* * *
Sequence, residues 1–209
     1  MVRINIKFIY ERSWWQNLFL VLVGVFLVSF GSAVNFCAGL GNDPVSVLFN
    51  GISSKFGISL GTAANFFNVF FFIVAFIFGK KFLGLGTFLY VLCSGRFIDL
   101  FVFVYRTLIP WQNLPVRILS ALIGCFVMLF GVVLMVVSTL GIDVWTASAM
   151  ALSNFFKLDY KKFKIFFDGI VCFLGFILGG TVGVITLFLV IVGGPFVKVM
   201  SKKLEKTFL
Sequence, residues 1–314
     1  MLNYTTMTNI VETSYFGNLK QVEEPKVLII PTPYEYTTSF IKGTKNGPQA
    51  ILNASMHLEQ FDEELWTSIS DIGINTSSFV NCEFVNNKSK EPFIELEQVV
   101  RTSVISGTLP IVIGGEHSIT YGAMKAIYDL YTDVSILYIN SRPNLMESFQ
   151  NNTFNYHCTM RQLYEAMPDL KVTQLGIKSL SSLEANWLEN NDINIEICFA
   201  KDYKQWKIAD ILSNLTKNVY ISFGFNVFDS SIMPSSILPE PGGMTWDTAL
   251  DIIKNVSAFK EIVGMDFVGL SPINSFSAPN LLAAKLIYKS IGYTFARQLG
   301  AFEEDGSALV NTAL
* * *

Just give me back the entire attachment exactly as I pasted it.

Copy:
Sequence, residues 1–209
     1  MVRINIKFIY ERSWWQNLFL VLVGVFLVSF GSAVNFCAGL GNDPVSVLFN
    51  GISSKFGISL GTAANFFNVF FFIVAFIFGK KFLGLGTFLY VLCSGRFIDL
   101  FVFVYRTLIP WQNLPVRILS ALIGCFVMLF GVVLMVVSTL GIDVWTASAM
   151  ALSNFFKLDY KKFKIFFDGI VCFLGFILGG TVGVITLFLV IVGGPFVKVM
   201  SKKLEKTFL
Sequence, residues 1–314
     1  MLNYTTMTNI VETSYFGNLK QVEEPKVLII PTPYEYTTSF IKGTKNGPQA
    51  ILNASMHLEQ FDEELWTSIS DIGINTSSFV NCEFVNNKSK EPFIELEQVV
   101  RTSVISGTLP IVIGGEHSIT YGAMKAIYDL YTDVSILYIN SRPNLMESFQ
   151  NNTFNYHCTM RQLYEAMPDL KVTQLGIKSL SSLEANWLEN NDINIEICFA
   201  KDYKQWKIAD ILSNLTKNVY ISFGFNVFDS SIMPSSILPE PGGMTWDTAL
   251  DIIKNVSAFK EIVGMDFVGL SPINSFSAPN LLAAKLIYKS IGYTFARQLG
   301  AFEEDGSALV NTAL